NewsPhoenix Metro NewsCentral Phoenix News


Arizona Legislature considers changing election laws, fallout from Trump losing Arizona

Vote, election
Posted at 4:30 PM, Jan 20, 2021

PHOENIX — It’s officially President Biden's time in office now. But the aftermath of the November 3 election is still playing out in Arizona.

At the State Legislature, lawmakers will soon begin deciding on a number of bills aimed at changing the state’s election law.

Some Republicans call it restoring integrity to the system. Opponents see it as a case of sore losers out to make it harder to vote.

More than 3.2 million people on Arizona’s permanent early voting list either mailed or dropped off a ballot in November. It amounted to 80% of the vote.

“You got proposals that would force people to get their ballots notarized, you got proposals that would purge hundreds of thousands of people from that list,” says Emily Kirkland the Co-Director of ProgressNow Arizona.

Kirkland has her sights on several Republican-sponsored election bills. One wants to require voters on the permanent voting list to get their ballots notarized.

Another, a bill from Senator Michelle Ugenti-Rita (R) Scottsdale District 23, would remove voters from the list if they haven’t voted in two successive election cycles and then failed to respond to a notice warning them they’ll be dropped.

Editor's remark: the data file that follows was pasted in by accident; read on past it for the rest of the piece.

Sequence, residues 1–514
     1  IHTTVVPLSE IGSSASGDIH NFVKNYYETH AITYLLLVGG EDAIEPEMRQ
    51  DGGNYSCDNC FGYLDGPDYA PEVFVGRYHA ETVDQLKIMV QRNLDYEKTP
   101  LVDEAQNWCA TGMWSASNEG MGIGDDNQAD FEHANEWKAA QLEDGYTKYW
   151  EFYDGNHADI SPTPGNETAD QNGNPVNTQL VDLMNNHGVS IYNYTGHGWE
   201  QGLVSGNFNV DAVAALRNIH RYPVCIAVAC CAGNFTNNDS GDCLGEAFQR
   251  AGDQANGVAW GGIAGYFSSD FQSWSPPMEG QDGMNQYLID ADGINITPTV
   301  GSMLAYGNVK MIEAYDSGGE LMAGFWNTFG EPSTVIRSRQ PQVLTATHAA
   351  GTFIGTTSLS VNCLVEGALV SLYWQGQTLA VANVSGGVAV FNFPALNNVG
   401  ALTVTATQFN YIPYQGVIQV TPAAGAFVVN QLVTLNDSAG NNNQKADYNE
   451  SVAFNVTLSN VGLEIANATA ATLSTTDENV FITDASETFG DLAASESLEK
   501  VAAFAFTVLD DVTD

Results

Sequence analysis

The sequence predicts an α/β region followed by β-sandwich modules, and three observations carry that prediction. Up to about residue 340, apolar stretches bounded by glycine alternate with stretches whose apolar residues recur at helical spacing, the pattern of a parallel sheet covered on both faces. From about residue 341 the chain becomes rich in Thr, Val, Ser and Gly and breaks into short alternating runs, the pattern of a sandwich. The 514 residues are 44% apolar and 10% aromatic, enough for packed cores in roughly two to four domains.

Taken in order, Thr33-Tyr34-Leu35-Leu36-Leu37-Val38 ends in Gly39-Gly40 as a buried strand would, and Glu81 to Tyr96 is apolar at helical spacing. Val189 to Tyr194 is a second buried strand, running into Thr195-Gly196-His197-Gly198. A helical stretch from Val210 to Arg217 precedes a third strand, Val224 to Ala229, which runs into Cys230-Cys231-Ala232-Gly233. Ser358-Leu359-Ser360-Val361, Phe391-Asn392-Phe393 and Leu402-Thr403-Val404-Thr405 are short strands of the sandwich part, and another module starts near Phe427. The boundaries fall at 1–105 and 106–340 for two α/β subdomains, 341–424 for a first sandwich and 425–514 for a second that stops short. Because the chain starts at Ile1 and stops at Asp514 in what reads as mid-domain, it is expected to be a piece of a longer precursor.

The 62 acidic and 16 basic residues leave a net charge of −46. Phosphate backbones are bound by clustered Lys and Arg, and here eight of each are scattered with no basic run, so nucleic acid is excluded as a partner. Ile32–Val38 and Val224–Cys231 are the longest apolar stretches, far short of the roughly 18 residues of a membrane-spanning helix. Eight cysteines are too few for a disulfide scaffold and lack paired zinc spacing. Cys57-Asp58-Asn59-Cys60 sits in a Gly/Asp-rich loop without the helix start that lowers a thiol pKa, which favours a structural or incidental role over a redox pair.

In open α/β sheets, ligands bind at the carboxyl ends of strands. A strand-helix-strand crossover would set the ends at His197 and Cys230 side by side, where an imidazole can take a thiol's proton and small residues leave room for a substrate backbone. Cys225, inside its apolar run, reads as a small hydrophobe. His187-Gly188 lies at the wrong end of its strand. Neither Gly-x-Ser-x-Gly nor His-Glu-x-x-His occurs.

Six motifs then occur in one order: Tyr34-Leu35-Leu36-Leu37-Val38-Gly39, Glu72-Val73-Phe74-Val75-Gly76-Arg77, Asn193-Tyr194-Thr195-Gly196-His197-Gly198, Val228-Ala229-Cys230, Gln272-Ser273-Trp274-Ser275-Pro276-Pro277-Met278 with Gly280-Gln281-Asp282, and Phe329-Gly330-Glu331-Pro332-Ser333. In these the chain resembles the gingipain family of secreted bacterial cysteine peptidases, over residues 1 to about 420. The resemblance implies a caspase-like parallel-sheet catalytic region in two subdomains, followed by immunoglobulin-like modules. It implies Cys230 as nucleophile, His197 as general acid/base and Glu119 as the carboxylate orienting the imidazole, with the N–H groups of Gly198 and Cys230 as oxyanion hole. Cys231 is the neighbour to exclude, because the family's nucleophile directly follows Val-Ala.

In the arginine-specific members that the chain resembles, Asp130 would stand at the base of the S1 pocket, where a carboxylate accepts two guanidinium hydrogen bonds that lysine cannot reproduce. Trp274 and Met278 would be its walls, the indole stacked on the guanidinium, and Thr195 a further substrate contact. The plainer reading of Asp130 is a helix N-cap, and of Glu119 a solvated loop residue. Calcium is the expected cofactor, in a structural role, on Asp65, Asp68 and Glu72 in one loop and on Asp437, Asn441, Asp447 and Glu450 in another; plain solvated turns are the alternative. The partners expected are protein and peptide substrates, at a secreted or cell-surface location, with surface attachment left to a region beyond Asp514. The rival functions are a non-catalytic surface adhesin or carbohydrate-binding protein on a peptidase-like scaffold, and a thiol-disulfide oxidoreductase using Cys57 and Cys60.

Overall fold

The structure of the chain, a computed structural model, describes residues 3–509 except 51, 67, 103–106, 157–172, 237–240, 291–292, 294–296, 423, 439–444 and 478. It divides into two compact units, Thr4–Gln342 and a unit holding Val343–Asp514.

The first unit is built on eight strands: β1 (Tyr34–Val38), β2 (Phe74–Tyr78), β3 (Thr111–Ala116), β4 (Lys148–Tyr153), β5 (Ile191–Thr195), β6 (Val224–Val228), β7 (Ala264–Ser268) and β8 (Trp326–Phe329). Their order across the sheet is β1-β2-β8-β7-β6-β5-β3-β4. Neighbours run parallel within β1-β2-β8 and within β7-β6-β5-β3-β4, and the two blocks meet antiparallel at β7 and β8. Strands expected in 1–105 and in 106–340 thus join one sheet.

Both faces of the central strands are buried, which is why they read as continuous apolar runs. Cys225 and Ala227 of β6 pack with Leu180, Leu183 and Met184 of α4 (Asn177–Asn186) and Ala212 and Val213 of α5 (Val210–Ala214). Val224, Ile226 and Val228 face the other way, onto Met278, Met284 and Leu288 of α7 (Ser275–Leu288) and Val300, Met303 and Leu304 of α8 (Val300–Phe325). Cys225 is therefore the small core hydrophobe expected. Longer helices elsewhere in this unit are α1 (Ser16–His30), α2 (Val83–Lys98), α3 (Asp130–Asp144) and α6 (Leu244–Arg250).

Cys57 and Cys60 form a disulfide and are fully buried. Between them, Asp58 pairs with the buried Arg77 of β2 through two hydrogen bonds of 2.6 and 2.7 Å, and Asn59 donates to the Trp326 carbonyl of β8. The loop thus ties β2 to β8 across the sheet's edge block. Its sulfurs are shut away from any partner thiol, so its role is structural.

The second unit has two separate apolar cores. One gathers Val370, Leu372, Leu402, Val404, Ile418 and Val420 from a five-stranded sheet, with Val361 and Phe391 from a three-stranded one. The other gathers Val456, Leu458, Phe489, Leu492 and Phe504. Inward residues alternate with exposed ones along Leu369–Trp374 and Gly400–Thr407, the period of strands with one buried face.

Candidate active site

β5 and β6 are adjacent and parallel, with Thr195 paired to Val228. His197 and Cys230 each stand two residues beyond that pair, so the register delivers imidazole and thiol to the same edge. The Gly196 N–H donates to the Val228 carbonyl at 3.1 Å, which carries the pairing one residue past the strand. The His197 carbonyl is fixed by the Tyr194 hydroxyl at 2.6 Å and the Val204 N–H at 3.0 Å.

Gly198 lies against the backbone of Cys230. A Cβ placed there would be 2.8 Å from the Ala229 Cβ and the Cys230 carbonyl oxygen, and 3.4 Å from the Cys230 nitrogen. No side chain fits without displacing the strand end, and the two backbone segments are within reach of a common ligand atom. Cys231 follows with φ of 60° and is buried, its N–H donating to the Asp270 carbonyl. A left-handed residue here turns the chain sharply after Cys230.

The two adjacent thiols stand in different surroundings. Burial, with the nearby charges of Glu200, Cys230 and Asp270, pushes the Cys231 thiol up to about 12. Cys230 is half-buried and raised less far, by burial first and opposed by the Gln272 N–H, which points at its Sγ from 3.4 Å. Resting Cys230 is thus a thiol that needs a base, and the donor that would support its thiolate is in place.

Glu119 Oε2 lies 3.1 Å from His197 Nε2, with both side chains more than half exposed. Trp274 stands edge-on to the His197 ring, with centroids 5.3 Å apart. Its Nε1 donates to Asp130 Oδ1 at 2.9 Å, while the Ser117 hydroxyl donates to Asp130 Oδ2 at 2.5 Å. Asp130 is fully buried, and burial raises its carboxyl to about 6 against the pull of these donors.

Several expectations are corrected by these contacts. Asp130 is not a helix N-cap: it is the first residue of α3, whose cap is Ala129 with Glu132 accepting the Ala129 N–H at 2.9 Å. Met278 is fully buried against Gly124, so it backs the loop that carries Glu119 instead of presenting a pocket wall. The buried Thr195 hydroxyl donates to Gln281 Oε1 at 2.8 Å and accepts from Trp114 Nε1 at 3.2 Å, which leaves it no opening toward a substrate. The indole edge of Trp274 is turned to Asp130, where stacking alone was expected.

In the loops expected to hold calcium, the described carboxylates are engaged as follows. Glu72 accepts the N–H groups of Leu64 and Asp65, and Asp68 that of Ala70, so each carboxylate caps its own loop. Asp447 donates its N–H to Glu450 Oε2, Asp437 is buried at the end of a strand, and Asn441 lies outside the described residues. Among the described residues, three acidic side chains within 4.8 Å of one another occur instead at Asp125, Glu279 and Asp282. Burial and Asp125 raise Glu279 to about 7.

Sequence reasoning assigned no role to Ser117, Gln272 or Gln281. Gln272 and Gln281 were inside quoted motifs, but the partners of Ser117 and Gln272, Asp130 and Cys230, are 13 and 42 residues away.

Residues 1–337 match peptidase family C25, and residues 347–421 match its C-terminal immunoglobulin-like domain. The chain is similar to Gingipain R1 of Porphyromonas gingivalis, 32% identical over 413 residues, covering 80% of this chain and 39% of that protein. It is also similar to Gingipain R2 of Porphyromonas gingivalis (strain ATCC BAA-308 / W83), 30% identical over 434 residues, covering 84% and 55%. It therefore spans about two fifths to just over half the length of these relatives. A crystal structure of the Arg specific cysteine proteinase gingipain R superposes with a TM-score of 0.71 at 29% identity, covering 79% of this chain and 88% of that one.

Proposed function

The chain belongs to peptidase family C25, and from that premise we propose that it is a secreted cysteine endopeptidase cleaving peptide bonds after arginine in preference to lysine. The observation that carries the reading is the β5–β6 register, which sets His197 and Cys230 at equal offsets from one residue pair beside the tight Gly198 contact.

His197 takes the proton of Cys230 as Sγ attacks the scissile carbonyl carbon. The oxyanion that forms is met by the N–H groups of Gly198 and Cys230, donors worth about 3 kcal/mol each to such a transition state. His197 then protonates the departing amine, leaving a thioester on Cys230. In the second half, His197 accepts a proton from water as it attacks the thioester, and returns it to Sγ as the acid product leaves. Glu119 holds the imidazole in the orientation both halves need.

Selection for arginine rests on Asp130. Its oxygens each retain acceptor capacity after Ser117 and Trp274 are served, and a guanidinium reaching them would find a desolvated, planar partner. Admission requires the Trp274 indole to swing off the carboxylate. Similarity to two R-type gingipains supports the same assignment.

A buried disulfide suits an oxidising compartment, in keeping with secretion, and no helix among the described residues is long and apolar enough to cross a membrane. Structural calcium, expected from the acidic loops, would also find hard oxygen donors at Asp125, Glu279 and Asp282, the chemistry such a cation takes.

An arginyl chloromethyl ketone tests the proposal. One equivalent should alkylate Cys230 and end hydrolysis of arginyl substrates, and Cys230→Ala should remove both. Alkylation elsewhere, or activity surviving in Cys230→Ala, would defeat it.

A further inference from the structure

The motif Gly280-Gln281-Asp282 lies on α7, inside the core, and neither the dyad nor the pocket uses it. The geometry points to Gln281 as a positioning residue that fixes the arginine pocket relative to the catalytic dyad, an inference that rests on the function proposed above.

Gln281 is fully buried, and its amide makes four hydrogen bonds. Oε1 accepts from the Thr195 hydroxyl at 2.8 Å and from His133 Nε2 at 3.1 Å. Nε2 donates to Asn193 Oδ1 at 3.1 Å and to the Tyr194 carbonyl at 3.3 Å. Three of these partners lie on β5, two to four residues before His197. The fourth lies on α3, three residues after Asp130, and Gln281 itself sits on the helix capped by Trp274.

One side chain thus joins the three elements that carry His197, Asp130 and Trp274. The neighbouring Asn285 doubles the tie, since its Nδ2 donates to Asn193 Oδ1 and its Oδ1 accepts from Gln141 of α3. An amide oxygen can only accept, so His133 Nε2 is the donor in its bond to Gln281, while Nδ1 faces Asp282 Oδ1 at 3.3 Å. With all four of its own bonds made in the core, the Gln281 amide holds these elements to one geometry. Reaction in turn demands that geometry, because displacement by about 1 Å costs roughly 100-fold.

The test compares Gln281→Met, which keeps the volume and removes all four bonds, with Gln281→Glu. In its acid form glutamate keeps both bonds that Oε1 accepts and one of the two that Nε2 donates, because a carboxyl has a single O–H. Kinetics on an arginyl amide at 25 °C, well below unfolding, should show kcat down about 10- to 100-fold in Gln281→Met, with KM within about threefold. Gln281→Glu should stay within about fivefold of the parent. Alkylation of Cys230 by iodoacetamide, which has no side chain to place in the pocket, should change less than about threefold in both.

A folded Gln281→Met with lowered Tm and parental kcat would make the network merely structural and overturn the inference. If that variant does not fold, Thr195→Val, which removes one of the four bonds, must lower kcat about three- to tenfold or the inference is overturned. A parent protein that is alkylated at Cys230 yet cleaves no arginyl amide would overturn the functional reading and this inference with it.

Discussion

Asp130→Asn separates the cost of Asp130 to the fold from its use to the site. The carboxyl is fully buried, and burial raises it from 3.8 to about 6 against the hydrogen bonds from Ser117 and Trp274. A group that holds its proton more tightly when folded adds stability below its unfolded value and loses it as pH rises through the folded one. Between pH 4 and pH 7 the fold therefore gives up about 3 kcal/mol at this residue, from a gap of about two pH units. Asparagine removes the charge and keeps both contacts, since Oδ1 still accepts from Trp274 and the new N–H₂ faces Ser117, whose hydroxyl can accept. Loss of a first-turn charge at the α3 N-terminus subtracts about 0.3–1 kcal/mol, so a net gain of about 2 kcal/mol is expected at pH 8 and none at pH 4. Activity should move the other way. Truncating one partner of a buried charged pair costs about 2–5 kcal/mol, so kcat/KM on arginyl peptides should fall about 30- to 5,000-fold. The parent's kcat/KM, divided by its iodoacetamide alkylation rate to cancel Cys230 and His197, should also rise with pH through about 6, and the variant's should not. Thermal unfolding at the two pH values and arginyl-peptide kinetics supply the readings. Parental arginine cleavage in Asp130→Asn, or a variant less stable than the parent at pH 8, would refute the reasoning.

“We want to reduce the opportunity for undue influence, for fraud for manipulation,” Senator Ugenti-Rita said. “So how we manage and run elections is important.”

Ugenti-Rita says her bill provides more transparency, more integrity, and more convenience. “You want people to have confidence in the outcome of the election,” she said.

Despite accusations of election fraud from Arizona Republican Party Chair Kelli Ward and Congressman Paul Gosar, there was never any evidence to support it. Every time a case went to court, it was thrown out.

But Ugenti-Rita counters that she authored a similar bill in 2019. She believes it’s good public policy and strengthens the statutory structure for running elections.

Emily Kirkland says if Ugenti-Rita’s bill was in effect for the November election, 225,000 voters would have been removed from the permanent voting list.

State Senator Martin Quezada (D) Phoenix, District 29 believes that is just wrong. “Who knows how many of them would have been confused by that process,” Quezada said, “confused by the fact it was a permanent system and now it’s not.”

Quezada dismisses the notion if you haven’t voted you don’t want to be on the permanent voting list. “In some cases not to vote, that’s a vote in and of itself,” he said. “Instead of removing people from that list we should be doing, as elected officials from both sides of the aisle, is improving our platforms and actually encouraging people to vote.”

As he signed the vote certification on November 30, Governor Ducey said “Arizona knows how to do elections.” But his seal of approval may not be enough incentive for the legislature to vote against any changes to Arizona’s election laws. Some of those bills may very well end up on his desk.